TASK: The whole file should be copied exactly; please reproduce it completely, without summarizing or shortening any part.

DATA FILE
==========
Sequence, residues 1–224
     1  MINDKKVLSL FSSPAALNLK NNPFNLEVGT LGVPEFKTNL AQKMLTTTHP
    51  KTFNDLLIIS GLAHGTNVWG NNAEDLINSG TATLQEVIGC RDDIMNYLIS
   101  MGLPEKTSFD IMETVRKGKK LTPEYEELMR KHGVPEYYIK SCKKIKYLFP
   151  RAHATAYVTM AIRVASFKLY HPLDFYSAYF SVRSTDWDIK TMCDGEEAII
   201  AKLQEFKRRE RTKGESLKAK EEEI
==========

Sequence, residues 1–224
     1  MINDKKVLSL FSSPAALNLK NNPFNLEVGT LGVPEFKTNL AQKMLTTTHP
    51  KTFNDLLIIS GLAHGTNVWG NNAEDLINSG TATLQEVIGC RDDIMNYLIS
   101  MGLPEKTSFD IMETVRKGKK LTPEYEELMR KHGVPEYYIK SCKKIKYLFP
   151  RAHATAYVTM AIRVASFKLY HPLDFYSAYF SVRSTDWDIK TMCDGEEAII
   201  AKLQEFKRRE RTKGESLKAK EEEI